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Relying on the Lord: Debra Carr selflessly serves local community and the Lord above

by Wyoming Livestock Roundup

In her 63 years on Earth, Debra “Deb” Carr has weaved an incredible story of thrilling adventure, heartbreaking loss and well-deserved success, and humbly, she attributes it all to the Lord. 

“I rely on the Lord a lot to give me good wisdom, and he is the one who has gotten me where I am today,” she says.

Deb owns and operates WC Sports and Western Wear, a popular one-stop shop proudly perched on Main Street in Newcastle. 

Growing up in ag

Deb grew up the oldest of six girls on her family’s pig farm in Iowa, where she was responsible for every aspect of raising piglets. 

“At the age of eight or nine, I was delivering piglets, cutting off their tails, notching their ears, taking their needle teeth out, giving them shots, all of that stuff,” she shares. “I did everything up to the point where we would kick them out of the farrowing house when they were around six weeks old.” 

When she was old enough to attend high school, Deb wanted to go into vocational agriculture, but the aspiration was shot down by her father. 

“My father wouldn’t let me because I was the only girl in the program, and he didn’t think it was proper,” she points out. 

However, Deb was resilient, and by the time she was a senior, she had convinced her father to join the program, eventually enlisting in her local FFA chapter as well – the only girl in a group of 80-plus guys. 

This didn’t slow her down at all.

When it came time to sell fruit around the holiday season, Deb was the chapter’s top salesman, and at the end of the year, she received bronze, silver and gold honors. 

“Getting into management on the farm as a little girl and being involved in vo-ag throughout high school helped me learn a lot,” Deb notes. “I really believe this is where I got my management skills to run my store, and I wouldn’t be where I am today without my background in agriculture.”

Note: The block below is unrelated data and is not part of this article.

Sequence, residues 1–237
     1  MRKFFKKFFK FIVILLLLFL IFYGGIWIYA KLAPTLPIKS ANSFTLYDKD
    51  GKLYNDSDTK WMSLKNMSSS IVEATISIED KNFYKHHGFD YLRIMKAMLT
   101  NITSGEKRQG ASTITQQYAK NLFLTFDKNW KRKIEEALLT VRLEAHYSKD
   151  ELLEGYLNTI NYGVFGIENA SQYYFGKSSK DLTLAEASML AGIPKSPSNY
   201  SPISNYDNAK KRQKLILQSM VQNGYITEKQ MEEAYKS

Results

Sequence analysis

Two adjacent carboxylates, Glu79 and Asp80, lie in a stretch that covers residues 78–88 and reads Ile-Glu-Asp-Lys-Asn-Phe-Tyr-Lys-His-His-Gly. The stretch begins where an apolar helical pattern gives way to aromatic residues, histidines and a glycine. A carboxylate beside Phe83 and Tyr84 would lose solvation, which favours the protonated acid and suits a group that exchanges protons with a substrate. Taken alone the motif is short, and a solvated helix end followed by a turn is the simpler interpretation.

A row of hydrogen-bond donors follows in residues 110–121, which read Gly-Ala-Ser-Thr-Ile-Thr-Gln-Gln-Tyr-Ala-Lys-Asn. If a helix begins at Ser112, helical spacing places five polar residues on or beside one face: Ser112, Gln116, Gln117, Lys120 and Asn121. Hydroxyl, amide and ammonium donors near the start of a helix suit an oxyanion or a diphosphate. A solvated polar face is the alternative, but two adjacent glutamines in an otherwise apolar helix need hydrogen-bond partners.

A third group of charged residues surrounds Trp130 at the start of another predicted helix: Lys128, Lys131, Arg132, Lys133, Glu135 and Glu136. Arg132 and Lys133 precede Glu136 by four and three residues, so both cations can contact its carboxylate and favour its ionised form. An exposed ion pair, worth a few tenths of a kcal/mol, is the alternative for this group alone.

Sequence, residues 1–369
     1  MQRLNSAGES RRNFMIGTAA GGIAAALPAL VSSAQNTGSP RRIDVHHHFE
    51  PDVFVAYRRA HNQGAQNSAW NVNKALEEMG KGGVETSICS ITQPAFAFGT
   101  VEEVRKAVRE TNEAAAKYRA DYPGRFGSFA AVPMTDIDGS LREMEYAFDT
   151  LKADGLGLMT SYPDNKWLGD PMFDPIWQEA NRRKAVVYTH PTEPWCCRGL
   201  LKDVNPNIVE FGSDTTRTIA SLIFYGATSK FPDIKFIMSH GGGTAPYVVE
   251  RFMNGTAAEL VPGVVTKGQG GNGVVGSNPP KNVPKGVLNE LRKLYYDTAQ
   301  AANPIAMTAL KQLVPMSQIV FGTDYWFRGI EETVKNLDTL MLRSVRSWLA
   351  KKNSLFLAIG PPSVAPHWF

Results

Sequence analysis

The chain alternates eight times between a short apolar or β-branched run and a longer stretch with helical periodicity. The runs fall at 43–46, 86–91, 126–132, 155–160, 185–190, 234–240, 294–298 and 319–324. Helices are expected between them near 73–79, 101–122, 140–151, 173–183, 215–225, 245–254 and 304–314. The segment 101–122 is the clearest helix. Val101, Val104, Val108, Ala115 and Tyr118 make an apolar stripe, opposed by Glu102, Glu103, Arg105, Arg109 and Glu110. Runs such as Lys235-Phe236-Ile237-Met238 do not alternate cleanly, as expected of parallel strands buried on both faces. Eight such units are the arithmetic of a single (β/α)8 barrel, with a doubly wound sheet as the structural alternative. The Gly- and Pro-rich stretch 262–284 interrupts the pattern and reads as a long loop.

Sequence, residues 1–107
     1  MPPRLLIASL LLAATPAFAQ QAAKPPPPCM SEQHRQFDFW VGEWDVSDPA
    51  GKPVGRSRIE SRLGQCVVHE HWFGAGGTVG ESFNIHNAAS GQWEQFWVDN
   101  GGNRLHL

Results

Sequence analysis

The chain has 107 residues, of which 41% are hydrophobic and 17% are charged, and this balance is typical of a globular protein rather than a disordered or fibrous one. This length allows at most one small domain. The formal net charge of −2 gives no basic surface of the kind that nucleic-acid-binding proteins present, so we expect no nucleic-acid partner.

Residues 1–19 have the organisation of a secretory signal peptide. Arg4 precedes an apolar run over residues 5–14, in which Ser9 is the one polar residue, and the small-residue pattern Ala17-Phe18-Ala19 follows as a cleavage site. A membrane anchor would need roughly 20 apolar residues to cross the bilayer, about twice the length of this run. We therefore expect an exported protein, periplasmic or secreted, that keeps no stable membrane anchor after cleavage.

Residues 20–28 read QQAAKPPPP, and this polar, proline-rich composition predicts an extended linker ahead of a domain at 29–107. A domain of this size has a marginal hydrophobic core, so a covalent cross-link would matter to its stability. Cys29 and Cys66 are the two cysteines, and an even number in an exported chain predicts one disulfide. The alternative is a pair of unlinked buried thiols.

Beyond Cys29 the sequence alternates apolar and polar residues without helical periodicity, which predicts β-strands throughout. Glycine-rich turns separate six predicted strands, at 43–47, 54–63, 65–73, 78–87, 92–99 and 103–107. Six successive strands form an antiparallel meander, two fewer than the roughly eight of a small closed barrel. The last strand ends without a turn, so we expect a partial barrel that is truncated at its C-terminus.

Establishing the store 

After her years as a student, Deb went on to work as a nurse and a vet tech, before starting up her business in Sioux City, Iowa in 1993. 

In 1997, she unexpectedly lost her father to a heart attack when he was only 56 years old, so Deb decided to leave her home state and settle on the border of South Dakota and Nebraska in Yankton, S.D.

“In 2004, I met my husband. He was a correctional officer in the Springfield Unit. We got married and moved out to Newcastle so he could pursue his career as a wildland firefighter,” Deb shares. 

“At first, it was quite the culture shock,” she laughs. “I grew up in a town the size of Newcastle, so that wasn’t the issue. But where I came from, there was humidity and everything was a lot closer together. We are really far apart out here – Rapid City, S.D. is an hour and half from us, and so is Gillette.” 

But, Deb has grown accustomed to northeast Wyoming and her store continues to thrive in the Newcastle community. 

“I changed my store from a bridal shop when I moved out here,” she states. “The ‘WC’ in our name stands for ‘Wedding Closet,’ but I don’t do much of the wedding stuff anymore.” 

Instead, Deb has adapted her store to fit the needs of the local community, offering everything from National Football League jerseys and shot glasses to flame retardant jeans and steel-toed boots. 

“The best thing I ever put in my store was Cinch and Cowgirl Tuff – it has really made the store come alive,” she remarks. “I also sell American-made candles sourced from Pennsylvania, which is incredible because there isn’t a lot stuff made in the U.S. anymore.”